back to top

SCOTT DREYER: Lincoln’s Thanksgiving Proclamation

As schools are closed and many adults are either already traveling or preparing for the big meal, the US is experiencing its busiest travel day of the year: the day before Thanksgiving.

Thanksgiving has been a national holiday since President Lincoln declared it as such in the fall of 1863, in the midst of the horrific American Civil War and just three months after the bloody Battle of Gettysburg. That war took the lives of some 620,000 Americans, about 2% of the nation’s population at that time. For context, 620,000 is more than six times the population of Roanoke City today.

During the three days’ battle of Gettysburg, about one-third of the soldiers involved became casualties (killed, wounded, or captured). For Gettysburg, the casualty toll was about 51,000, or just over half the population of Roanoke City today. The Bible tells us to “give thanks in all circumstances,” so if Lincoln could find cause to express gratitude in the dark days of late 1863, surely we can too.

Have you noticed how many people nowadays avoid using the words “Thanksgiving”? I just called a government agency and got a voice mail saying “our office will be closed on November 24 and 25.” No mention that the office would be closed in honor of Thanksgiving, a national holiday. Many others substitute “Happy Turkey Day” for the holiday’s real name.

In George Orwell’s dystopian classic 1984, a key element is newspeak. That is, the old and original words are gradually destroyed and replaced by newer and simpler words. By limiting vocabulary, Orwell explains, you can limit the range of people’s thoughts and expressions. By dumbing down the language, you can dumb down the populace.

You have permission to wish people a “Happy Thanksgiving.” After all, it’s an official, national holiday.

Speaking of Lincoln, below is the full text of his 1863 Thanksgiving Proclamation. Speaking of “dumbing down,” imagine a politician today speaking or writing on this level. If you find understanding parts of Lincoln’s prose a challenge, that shows how the level of discourse in our culture has been debased and simplified.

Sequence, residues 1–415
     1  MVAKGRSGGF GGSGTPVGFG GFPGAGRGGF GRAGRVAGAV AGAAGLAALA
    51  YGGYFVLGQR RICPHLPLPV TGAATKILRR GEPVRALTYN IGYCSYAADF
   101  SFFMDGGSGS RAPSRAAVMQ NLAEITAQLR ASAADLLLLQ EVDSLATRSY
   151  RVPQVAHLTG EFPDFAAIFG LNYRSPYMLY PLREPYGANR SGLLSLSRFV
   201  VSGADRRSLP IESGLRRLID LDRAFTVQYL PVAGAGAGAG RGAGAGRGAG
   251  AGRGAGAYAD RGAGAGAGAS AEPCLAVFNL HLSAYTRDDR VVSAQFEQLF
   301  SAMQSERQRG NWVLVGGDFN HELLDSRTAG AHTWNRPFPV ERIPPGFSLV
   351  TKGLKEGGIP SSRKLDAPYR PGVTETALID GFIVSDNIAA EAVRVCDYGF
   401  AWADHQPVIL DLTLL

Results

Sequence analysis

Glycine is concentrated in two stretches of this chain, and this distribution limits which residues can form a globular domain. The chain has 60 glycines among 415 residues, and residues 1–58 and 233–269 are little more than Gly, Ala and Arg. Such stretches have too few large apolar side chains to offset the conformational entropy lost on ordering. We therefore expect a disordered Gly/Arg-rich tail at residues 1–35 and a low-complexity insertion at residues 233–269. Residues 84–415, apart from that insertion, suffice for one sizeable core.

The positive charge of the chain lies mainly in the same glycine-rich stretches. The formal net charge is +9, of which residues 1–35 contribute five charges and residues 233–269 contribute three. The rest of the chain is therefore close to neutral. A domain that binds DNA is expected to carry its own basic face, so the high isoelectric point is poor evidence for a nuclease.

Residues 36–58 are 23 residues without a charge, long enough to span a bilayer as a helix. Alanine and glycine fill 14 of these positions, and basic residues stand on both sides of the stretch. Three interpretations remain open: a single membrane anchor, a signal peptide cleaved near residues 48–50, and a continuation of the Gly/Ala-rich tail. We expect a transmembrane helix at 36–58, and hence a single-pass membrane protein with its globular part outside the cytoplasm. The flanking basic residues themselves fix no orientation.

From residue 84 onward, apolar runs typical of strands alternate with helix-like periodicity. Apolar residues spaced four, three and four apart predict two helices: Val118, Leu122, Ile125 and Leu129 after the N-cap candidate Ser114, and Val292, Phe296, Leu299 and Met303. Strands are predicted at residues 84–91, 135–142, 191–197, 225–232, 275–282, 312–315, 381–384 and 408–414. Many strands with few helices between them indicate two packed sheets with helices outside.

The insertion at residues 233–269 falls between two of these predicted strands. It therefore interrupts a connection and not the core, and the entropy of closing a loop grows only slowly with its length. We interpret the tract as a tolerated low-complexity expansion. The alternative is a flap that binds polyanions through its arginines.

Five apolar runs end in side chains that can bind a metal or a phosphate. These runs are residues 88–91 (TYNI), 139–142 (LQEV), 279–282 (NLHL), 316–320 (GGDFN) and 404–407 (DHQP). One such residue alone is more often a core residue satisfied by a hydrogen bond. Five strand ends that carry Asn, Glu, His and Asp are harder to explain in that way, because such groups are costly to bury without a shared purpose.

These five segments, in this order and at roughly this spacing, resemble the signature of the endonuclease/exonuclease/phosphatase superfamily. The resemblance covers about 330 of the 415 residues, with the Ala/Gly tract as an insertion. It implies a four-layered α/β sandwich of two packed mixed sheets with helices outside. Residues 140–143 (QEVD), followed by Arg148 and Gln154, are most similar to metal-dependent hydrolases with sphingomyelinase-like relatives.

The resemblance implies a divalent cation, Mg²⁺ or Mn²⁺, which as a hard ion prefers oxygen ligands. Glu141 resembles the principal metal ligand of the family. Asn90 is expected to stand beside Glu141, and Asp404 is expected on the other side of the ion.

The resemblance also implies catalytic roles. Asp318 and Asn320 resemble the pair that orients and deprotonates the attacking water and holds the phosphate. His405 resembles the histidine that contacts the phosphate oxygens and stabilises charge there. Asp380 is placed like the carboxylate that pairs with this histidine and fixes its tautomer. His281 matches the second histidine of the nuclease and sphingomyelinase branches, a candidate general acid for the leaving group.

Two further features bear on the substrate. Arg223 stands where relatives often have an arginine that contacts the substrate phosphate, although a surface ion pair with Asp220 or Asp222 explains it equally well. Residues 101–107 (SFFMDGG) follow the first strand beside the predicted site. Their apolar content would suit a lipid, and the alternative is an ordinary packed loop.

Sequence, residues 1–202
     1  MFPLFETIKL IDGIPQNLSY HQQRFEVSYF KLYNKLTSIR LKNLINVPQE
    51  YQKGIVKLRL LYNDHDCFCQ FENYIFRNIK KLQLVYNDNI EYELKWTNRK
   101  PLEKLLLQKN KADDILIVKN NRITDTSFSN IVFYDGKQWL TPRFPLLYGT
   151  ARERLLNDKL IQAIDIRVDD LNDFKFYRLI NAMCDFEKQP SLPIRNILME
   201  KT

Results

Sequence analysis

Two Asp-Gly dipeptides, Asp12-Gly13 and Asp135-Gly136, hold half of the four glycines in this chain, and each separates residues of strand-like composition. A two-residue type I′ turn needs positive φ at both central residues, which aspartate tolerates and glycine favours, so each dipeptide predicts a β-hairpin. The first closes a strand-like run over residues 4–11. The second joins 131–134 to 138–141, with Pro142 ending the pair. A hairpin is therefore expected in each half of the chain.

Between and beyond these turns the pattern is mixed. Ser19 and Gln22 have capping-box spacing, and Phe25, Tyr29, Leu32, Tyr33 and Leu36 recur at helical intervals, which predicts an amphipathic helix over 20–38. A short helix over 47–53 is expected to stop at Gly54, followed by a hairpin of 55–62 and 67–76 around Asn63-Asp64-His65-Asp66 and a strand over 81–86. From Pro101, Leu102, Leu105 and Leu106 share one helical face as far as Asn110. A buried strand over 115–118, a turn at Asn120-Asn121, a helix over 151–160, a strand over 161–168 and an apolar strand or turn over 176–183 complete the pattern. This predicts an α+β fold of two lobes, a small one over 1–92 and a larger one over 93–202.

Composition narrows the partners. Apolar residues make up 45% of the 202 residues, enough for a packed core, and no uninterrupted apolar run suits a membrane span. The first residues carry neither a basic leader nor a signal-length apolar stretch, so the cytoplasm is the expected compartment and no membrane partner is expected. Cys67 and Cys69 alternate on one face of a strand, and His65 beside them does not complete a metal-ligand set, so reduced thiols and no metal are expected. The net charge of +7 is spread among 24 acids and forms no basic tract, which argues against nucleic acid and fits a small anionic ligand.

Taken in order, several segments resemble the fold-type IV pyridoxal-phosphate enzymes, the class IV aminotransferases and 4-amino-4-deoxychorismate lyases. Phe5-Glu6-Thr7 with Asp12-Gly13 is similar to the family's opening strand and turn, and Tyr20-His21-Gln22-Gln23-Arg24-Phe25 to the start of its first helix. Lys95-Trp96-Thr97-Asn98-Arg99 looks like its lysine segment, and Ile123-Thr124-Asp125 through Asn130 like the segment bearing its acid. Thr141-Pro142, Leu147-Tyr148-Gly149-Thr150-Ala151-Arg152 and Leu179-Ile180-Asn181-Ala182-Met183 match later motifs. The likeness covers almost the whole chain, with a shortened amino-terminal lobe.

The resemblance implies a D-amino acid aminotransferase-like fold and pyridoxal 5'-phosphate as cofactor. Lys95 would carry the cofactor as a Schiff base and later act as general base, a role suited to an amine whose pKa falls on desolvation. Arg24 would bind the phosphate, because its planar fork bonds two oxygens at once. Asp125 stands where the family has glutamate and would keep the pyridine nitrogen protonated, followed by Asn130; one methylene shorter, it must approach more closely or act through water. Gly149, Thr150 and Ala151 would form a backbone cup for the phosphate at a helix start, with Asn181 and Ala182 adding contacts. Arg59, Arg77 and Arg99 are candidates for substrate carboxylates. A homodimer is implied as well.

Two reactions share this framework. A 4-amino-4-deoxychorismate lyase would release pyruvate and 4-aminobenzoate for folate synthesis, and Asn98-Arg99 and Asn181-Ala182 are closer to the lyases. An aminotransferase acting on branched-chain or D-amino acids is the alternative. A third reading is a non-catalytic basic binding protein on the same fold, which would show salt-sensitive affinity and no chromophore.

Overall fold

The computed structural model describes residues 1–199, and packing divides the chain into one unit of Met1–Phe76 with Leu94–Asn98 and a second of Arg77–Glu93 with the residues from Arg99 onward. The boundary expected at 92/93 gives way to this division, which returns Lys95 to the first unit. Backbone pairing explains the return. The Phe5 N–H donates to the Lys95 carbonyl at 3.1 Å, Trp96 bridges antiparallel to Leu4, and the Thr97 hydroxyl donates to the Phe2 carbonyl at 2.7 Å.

There is an ugly mindset today called “presentism.” At its core, it claims that all people of the past were hate-filled ignoramuses while our generation today enjoys a monopoly on wisdom, insight and virtue. Thus, we need to pull down all the statues and downplay the study of history, because there is not much we can learn from the past, since we modern people have all the answers already. One alumnus of Washington and Lee University explained here that presentism is driving the ambition on campus to downplay or even remove the references to, well, Washington and Lee, the school’s namesakes.

My question is: if presentism is true, then why are so many historical documents written on a level that many of us today find hard to understand, let alone replicate in our own speaking or writing?

Moreover, can you imagine a politician today confessing our national “sins” and “perverseness,” as Lincoln does here? Can you imagine the howls of derision from the chattering classes on TV, print and radio?

Let me encourage you to read it slowly and carefully.

Washington, D.C.
October 3, 1863

By the President of the United States of America.

A Proclamation.

The year that is drawing towards its close, has been filled with the blessings of fruitful fields and healthful skies. To these bounties, which are so constantly enjoyed that we are prone to forget the source from which they come, others have been added, which are of so extraordinary a nature, that they cannot fail to penetrate and soften even the heart which is habitually insensible to the ever watchful providence of Almighty God.

In the midst of a civil war of unequalled magnitude and severity, which has sometimes seemed to foreign States to invite and to provoke their aggression, peace has been preserved with all nations, order has been maintained, the laws have been respected and obeyed, and harmony has prevailed everywhere except in the theatre of military conflict; while that theatre has been greatly contracted by the advancing armies and navies of the Union.